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cursory view of TIME'S
I of events, the Generous points with pride to:
artful, eel-hipped dodger. (P.
golden key of the Capital in h case. (P. 1.)
Donahey, she's listened to banging since 1897. (P. 6.)
ongs of less burly males and es of highly agitated females. 3.)
Forts to make the patient feel he is not one of many. (P. 20.)
Keeping the Telephone Alive
Americans have learned to depend on the telephone, in fair weather or in foul, for the usual affairs of the day or for the dire emergency in the dead of night. Its continuous service is taken as a matter of course.
The marvel of it is that the millions of thread-like wires are kept alive and ready to vibrate at one's slightest breath. A few drops of water in a cable, a faulty connection in the wire maze of a switchboard, a violent sleet, rain or wind storm or the mere falling of a branch will often jeopardize the service.
Every channel for the speech currents must be kept electrically intact. The task is as endless as housekeeping. Inspection of apparatus, equipment and all parts of the plant is going on all the time. Wire chiefs at "test boards" locate trouble on the wires though miles away. Repairmen, the "trouble hunters," are at work constantly wherever they are needed in city streets, country roads or in the seldom-trodden trails of the wilderness.
Providing telephone service for this great nation is a huge undertaking. To keep this vast mechanism always electrically alive and dependable is the unending task of tens of thousands of skillful men and women in every state in the Union.
Uncle Freemantle Hopkins was a retired sea captain, with an anchor on the back of each hand and a lady circus performer tattooed on his left arm.
He had been almost shipwrecked in every quarter of the globe; he had fought pirates with and without earrings; he had met cannibals in their Sunday clothes, and monkeys in South Sea Islands had stunned him by dropping cocoanuts on his head.
Once there was a mutiny on Uncle Freemantle's ship, and when he got it quelled he had hardly a whisker left.
"After that," he said, "I'd 'a' shaved clean every day if I'd 'a' had anything good for makin' lather."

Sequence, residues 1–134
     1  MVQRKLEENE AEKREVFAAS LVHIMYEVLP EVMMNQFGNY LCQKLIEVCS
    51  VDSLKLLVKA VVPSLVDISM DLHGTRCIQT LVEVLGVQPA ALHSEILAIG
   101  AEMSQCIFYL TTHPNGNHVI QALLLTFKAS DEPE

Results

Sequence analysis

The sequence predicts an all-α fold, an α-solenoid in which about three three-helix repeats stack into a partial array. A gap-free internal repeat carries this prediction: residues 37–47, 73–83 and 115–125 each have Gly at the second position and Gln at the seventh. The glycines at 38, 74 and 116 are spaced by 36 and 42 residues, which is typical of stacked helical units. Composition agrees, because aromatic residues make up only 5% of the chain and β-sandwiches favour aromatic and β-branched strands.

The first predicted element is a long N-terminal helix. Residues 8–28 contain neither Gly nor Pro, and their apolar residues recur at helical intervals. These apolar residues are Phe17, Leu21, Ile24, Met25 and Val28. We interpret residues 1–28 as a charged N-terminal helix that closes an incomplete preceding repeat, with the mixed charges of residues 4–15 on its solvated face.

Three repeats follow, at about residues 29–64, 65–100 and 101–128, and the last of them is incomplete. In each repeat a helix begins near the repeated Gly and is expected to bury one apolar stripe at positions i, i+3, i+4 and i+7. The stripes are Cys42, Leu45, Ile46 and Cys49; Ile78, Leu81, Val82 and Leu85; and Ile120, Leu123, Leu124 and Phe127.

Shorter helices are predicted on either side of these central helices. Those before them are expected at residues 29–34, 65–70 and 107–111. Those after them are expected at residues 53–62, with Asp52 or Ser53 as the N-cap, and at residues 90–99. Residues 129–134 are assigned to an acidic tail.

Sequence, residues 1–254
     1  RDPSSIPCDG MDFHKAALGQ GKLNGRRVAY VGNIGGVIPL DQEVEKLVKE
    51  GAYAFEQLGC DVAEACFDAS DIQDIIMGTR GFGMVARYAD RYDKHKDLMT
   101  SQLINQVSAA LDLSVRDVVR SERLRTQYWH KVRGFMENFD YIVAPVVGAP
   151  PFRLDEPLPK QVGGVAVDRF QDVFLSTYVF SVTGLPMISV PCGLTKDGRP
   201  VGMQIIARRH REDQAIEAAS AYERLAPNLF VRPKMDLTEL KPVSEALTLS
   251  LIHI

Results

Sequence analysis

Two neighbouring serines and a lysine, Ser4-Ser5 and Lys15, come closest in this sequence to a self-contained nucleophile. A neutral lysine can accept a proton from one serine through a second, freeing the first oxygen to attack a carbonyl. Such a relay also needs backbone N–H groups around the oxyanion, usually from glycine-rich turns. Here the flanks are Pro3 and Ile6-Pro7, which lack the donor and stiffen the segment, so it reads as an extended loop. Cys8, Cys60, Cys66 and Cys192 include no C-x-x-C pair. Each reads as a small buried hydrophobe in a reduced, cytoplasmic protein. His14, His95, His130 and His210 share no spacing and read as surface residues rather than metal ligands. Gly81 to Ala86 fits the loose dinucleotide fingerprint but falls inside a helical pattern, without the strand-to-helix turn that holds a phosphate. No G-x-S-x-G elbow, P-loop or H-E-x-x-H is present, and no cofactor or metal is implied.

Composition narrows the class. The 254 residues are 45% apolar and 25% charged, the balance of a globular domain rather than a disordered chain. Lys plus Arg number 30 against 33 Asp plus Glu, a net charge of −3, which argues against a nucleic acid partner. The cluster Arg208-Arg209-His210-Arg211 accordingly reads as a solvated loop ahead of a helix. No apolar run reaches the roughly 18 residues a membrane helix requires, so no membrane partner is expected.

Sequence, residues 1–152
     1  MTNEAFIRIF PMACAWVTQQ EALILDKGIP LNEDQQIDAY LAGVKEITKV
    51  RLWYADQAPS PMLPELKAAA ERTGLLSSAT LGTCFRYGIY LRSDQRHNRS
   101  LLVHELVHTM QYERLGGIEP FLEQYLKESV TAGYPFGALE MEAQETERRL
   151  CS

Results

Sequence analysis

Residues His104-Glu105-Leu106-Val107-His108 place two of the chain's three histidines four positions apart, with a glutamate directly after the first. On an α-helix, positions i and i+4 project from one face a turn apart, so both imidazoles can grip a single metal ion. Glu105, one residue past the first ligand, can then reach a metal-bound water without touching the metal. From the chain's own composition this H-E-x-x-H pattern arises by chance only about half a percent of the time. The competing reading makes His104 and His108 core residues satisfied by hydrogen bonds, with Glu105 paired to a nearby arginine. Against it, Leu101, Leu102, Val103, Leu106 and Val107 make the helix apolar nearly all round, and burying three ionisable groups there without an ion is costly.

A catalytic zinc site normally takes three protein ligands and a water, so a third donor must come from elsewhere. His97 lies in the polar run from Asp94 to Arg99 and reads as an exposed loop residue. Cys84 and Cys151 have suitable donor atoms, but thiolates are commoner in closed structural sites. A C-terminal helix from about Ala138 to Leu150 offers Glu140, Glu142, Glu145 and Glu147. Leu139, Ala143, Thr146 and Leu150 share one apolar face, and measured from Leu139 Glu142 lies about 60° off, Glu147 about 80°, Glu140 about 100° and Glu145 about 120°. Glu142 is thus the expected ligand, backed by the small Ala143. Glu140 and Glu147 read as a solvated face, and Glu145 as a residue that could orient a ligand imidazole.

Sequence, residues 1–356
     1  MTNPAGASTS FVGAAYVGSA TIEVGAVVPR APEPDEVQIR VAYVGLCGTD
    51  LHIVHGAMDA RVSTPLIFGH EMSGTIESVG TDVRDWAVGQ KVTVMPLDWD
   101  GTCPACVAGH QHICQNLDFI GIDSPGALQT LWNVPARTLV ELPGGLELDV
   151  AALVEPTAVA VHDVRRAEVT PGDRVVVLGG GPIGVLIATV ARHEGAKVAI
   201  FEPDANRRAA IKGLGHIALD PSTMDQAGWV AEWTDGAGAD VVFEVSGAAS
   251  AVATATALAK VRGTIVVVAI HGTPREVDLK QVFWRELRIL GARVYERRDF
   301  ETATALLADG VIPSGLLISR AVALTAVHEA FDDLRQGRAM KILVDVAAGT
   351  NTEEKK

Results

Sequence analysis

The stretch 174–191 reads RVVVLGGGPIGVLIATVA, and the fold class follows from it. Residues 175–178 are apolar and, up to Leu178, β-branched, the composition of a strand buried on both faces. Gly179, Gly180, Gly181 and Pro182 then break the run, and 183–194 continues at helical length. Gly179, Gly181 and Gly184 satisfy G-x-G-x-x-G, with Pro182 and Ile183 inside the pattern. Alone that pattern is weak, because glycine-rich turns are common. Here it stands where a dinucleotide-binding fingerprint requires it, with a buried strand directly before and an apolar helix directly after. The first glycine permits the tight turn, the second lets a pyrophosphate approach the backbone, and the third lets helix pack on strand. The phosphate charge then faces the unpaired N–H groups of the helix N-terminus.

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A turbulent tale of chorus girls and stolen jewelry. (P. 15.)
Noisy, showy Tuchuns. (P. 12)
Are They Just Dolls To You?
ATHERINE THE GREAT, Genghis Khan, Muhammad, Charlotte Corday, Cromwell-are they spiritless ures of sawdust stored away in the attic of your mind? > you fully realize that the life-blood coursed gloriously ugh their veins? They lived recklessly: a bold word, an dicious kiss, and the flame was snuffed out. They loved rously: through their passions empires trembled - were or gained. Some dreamed impossibilities: their world ›ed doubted - accepted - and then defended their dreams. That was it that marked them for posterity, while their
brothers and sisters sank into oblivion? To outward appearances these men and women were ordinary mortals, helpless as leaves in a wind. They did not make themselves great. They were shaped by their time-swept along by the tremendous forces of circumstance-brought to the surface, to greatness, by destiny.
Wells recognizes them as the helpless human beings they were. He fits them in where they belong. They are bright splotches of color in his swift-moving, dramatic story of mankind. He has caught the spirit that makes for greatness. The souls of these great personalities leap into life in
H. G. WELLS'
"Outline of History"
A history that goes back 100,000,000 years-that traces man's rude beginnings 500,000 years ago
HE interesting thing about Wells'
"Outline of History" is that it gives you such a wonderful backbund for your daily news. It is one ntinuous story-the men of the Stone ge, the Egypt of the Pharaohs, the gions of Cæsar, the Middle Ages, Naleon's Grenadiers and the World War. Wells unifies the past. More-he veals that thread of human progress hich has forever bound man to man e world over and from one age to nother.
TIME 10-13-24 Review of Reviews Corp. 55 Fifth Ave. New York
You may send me on approval, charges paid by you, Wells' "Outline of History," in the convenient 4 volume illustrated, library-size edition at the special reduced price. enter my subscription to the Review of Reviews for one full year at its regular price and send me FREE the book of 1079 questions answered by Wells'.
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